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Terenure, Calasanctius set sights on treble glory


Tom O'Brien puts Terenure College on the road to victory in last year's Leinster Junior Cup final against Clongowes. Photo: Stephen McCarthy / Sportsfile

Tom O'Brien puts Terenure College on the road to victory in last year's Leinster Junior Cup final against Clongowes. Photo: Stephen McCarthy / Sportsfile

Tom O'Brien puts Terenure College on the road to victory in last year's Leinster Junior Cup final against Clongowes. Photo: Stephen McCarthy / Sportsfile

If success at Junior is a prerequisite to achievement at Senior then Terenure in the East and Calasanctius in the West appear well primed for that aspiration, and indeed the expectation that natural step up brings.

For both the D6W and Oranmore schools, the Junior campaign ahead represents an opportunity to make it three titles at that level in a row.

The 'Nure have been there before with successive wins in 1976, '77 and '78, while for Calasanctius it is virgin territory, after the remarkable feat of back-to-back titles over the past two years for this fast developing force in Connacht and Irish rugby.

For either one to make it three on the bounce would be a wonderful achievement.

Bear in mind, in Leinster St Michael's have shown incredible consistency in making it through to the last four finals -- without winning a single one.

Were they to do it at the fifth attempt I don't think anyone would begrudge them a first outright title since '02.

The draw has been kind, with Belvedere's size and Newbridge's all-round strength probably the main obstacles to yet another Michael's final appearance.

St Andrew's field a relatively strong side this year but with Michael's their opponents in the first round it could hardly be any tougher. Castleknock too will have a definite say but it looks like Michael's from the bottom end.

If Terenure are to complete the hat-trick then they are sure going to have to do it the hard way, what with Clongowes first up and Holy Ghost schools St Mary's and Blackrock on the likely road ahead.


To that, add league semi-finalists Kilkenny and a particularly slick CBC Monkstown, making it heavy traffic all round.

'Rock have been out of the Junior loop since 2007 (when they pipped Michael's 13-10) but signs are of a strong Williamstown squad ready again to take control.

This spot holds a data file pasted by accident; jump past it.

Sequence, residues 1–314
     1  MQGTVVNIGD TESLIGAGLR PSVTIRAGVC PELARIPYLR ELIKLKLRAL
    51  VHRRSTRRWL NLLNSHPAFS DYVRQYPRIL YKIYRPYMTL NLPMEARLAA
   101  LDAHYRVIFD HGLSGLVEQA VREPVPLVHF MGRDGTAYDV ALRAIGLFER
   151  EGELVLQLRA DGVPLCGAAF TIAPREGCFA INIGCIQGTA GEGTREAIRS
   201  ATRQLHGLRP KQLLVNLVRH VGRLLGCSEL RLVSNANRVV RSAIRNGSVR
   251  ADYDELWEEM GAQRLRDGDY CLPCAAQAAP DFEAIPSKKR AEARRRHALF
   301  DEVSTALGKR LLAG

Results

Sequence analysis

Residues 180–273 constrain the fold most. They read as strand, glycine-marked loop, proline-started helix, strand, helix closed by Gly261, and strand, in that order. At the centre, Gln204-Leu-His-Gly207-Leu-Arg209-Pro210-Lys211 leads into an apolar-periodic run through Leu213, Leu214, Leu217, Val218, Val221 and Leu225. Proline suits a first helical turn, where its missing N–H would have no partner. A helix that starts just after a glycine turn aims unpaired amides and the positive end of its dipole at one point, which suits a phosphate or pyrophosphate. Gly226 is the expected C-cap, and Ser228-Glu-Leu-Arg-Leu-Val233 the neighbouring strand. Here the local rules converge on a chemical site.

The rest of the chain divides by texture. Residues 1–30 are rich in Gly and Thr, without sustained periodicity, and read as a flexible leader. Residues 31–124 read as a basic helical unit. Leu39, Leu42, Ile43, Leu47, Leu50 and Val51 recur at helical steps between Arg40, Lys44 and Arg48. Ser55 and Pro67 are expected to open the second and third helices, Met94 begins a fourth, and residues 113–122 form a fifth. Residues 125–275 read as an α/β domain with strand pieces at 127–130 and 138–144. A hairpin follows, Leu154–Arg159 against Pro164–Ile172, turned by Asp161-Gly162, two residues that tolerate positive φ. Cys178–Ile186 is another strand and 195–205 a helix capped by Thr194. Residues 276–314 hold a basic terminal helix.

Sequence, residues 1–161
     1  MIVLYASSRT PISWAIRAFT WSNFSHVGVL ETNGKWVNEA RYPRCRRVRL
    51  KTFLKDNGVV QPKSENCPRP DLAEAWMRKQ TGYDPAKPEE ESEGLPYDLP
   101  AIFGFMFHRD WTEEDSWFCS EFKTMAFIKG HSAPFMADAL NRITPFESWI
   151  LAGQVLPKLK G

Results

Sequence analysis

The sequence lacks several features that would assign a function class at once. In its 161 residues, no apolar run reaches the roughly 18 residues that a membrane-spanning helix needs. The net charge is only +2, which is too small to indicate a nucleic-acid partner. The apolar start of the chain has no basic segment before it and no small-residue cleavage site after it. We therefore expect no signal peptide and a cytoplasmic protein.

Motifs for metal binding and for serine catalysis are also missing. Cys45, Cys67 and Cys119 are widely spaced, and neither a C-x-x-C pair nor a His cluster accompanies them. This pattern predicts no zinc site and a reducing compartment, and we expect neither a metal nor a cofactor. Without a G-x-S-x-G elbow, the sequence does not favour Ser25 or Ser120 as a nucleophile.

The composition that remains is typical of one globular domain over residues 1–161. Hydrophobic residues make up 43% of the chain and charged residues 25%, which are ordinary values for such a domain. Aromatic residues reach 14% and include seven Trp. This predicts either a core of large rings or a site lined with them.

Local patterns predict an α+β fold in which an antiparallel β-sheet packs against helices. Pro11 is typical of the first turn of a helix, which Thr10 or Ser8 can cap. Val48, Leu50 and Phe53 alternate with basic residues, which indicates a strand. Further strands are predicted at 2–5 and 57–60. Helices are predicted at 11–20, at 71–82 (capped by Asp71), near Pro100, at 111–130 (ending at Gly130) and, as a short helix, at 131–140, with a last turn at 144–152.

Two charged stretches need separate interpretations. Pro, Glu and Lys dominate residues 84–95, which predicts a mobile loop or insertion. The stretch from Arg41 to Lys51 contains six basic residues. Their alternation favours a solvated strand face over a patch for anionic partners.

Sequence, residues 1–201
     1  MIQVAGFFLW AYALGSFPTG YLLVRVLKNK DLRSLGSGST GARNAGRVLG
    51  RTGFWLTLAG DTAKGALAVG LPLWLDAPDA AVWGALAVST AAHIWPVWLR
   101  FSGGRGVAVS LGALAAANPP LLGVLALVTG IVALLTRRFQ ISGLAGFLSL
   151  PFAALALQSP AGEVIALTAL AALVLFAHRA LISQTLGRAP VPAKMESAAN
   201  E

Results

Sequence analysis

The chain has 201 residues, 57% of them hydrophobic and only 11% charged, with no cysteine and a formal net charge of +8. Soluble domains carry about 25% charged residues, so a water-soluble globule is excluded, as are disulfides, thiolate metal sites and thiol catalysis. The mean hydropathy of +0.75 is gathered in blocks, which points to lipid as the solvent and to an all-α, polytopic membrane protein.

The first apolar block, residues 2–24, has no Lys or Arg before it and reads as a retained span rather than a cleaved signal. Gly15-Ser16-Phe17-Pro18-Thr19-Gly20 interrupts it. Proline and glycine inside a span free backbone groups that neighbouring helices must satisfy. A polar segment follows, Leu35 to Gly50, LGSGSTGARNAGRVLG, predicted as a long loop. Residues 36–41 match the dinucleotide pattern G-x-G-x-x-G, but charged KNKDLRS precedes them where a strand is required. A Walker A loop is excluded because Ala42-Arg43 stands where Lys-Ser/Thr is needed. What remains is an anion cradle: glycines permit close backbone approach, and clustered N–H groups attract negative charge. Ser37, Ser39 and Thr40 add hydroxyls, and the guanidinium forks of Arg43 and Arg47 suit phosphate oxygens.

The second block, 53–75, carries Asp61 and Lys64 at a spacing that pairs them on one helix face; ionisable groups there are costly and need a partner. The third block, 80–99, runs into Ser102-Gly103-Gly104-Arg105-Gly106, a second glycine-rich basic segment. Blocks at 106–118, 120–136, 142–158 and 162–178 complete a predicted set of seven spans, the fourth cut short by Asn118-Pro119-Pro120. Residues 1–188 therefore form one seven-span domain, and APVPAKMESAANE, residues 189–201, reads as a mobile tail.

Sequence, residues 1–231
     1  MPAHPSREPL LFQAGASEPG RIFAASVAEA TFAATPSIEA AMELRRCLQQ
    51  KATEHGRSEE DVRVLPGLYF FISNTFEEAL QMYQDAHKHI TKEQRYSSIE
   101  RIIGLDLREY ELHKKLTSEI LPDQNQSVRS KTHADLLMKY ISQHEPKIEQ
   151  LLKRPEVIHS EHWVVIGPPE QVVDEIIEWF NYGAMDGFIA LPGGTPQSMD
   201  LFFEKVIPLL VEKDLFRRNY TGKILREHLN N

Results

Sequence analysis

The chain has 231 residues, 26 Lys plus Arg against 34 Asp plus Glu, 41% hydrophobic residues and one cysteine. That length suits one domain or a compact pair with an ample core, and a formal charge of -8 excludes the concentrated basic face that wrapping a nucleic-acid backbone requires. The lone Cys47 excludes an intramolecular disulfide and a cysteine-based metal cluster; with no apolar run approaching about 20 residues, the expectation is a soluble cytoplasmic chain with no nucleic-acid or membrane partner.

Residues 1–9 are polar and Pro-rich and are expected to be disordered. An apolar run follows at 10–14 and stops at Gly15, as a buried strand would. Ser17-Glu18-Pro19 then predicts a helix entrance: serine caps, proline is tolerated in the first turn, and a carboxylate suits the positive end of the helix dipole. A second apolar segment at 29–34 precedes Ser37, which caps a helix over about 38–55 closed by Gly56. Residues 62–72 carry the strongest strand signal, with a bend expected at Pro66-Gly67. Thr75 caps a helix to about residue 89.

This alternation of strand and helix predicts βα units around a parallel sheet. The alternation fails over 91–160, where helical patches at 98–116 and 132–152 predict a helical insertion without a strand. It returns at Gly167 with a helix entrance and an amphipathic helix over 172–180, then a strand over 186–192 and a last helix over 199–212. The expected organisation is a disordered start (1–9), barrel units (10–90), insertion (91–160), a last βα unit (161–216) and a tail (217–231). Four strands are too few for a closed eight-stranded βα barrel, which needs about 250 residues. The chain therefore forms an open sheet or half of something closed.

Powerful up front, as epitomised by former Skerries CC 6ft5ins lock/No 8 David O'Connor, and lethal behind -- particularly in the back three where free-running full-back Zack O'Hagan wreaks havoc.

Despite them losing narrowly to Newbridge and Clongowes in friendlies, any side that manages to knock the 'Rock looks likely to go all the way.

For Calasanctius, 2009 represented the big breakthrough and 2010 copper-fastened that emergence.

It speaks volumes for Connacht underage rugby to have former minnows like Calasanctius and Rice College (Westport) contesting the provincial final.

The holders have been grouped with league runners-up Marist College, while Rice have it all to do in a heavyweight sector embracing Garbally, Colaiste Iognaid (the Jes) and St Joseph's Galway (the Bish).

If the Bish can revisit their pre-Christmas league-winning form, then a repeat of the league final against Marist could be on the cards. What better motivation for treble-chasing Calasanctius?

Down south it is Crescent Comp who carry the heavy mantle of reigning champions into this year's competition. The draw hasn't been too kind, with recent McCarthy Cup (U-15) winners Castletroy first up.

The 2008 Junior Cup winners have Mark McCarthy (brother of the multi-talented Diarmuid, star turn on the Senior Cup winning side in the same year) at out-half.

The winner of that game will then face the loser of Ardscoil (beaten semi-finalist in 2010) and PBC in the second qualifying round.

The other key qualifying tie would appear the Cork/Limerick CBC/Munchin's clash, with the winner of that well set for the semi-final at least.

The new dual qualifying system has muddied the waters, making predictions (despite there being only eight teams involved) more difficult than ever.

That is no bad thing with the four eventually emerging for the semi-final certainly having to earn that right. There may be an element of the 'back door' but in this U-16 competition tactical planning doesn't apply. The policy is simple: win first up and take each game as it comes from there.

In Ulster, at Medallion level (Junior), as at Senior, when there is no definitive outcome to the final the trophy is shared.

It is not the ideal solution but history and tradition in the northern competitions takes precedence, and for the first time since 2000 and eighth split overall, we have dual holders going into this year's tournament.

Wallace High School (who have yet to take the Shield outright) and Campbell College played out a nerve-tingling 10-10 draw in last year's final. They, along with the two schools to have monopolised this tournament over the years, Methody and Inst (RBAI), will be in the shake up for sure.

Between them they boast 66 titles, over twice the number of the rest combined.

In all four provinces, the task of predicting the Junior/Medallion winner with any degree of certainty is a risky business. Long may that uncertainty continue.

Irish Independent Supplement